Kernels of Culture: Maize Around the World

May 3, 2024 - March 31, 2025
11:30 am - 4:30 pm
Missouri Botanical Garden > Stephen and Peter Sachs Museum
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The Stephen and Peter Sachs Museum presents a fascinating exploration of what we know as corn—integrating maize, art, farming, foods, community, tools, and pop culture into a multimedia exhibition on display May 3, 2024 through March 31, 2025.

Where did the grass species Maize (Zea mays) we know and enjoy come from? Maize has a complex story from which we are continuing to reap the benefits every day. It begins thousands of years ago with the first Indigenous farmers in Mexico and Central America who hybridized these plants continuously, domesticating the kernels of teosinte—the acknowledged wild grass ancestor to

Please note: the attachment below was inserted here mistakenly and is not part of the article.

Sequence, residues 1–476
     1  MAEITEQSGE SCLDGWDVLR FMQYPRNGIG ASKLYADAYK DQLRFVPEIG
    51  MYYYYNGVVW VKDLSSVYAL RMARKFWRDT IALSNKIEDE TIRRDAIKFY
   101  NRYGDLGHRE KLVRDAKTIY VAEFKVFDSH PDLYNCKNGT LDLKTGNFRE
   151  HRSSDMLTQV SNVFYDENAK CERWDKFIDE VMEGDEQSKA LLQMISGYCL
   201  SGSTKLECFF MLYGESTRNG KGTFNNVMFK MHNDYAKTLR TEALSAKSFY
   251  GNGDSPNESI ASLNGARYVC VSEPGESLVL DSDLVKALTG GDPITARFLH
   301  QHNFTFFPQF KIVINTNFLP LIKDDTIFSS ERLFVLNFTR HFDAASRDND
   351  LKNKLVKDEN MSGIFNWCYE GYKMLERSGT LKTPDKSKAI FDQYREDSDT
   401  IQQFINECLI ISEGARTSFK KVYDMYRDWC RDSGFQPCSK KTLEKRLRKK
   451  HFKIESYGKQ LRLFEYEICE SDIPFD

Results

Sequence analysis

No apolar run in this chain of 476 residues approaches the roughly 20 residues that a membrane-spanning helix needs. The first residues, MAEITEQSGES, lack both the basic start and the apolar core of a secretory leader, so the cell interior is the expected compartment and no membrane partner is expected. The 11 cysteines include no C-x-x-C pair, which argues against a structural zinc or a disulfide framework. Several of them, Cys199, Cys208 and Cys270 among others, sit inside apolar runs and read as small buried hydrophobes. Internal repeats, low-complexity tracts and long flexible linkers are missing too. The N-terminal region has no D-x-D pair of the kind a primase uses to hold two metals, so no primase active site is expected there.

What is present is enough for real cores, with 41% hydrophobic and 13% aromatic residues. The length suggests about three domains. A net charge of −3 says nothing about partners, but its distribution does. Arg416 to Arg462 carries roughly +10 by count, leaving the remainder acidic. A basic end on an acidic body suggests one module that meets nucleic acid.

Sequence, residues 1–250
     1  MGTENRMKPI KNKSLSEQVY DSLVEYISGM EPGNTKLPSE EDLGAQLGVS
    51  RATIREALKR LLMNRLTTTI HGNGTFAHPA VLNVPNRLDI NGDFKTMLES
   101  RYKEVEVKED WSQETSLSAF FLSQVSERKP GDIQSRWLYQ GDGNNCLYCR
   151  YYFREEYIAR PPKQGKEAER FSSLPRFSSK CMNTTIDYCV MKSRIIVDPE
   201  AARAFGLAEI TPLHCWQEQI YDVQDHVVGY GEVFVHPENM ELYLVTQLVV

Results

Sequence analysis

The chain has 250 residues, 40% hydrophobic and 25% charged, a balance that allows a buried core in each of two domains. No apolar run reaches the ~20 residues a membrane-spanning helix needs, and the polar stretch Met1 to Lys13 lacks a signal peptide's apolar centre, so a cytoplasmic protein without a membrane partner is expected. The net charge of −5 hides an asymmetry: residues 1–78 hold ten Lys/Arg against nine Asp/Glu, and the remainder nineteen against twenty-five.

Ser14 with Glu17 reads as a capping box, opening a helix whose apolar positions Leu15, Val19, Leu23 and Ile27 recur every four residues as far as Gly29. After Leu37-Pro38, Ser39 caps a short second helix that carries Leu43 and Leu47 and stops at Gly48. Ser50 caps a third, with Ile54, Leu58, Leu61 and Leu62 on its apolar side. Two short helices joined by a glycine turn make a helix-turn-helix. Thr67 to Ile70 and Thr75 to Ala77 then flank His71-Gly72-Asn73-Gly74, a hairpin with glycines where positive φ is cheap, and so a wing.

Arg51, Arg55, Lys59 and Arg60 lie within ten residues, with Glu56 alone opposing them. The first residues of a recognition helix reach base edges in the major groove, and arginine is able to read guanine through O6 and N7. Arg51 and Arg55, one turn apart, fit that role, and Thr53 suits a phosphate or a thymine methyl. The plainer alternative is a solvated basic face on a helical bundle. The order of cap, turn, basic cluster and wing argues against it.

maize—to the corn cobs we grow and use today. The story continues with the Spanish and other European colonizers who brought Maize to other parts of the world where it was quickly adopted in the 1500s, growing to become one of the top three cereal crops globally. Our knowledge of Maize has grown from the work of botanists who have spent many years untangling the taxonomic origins of this crop, and those who are working on the genetic possibilities of this complex grass species into the future.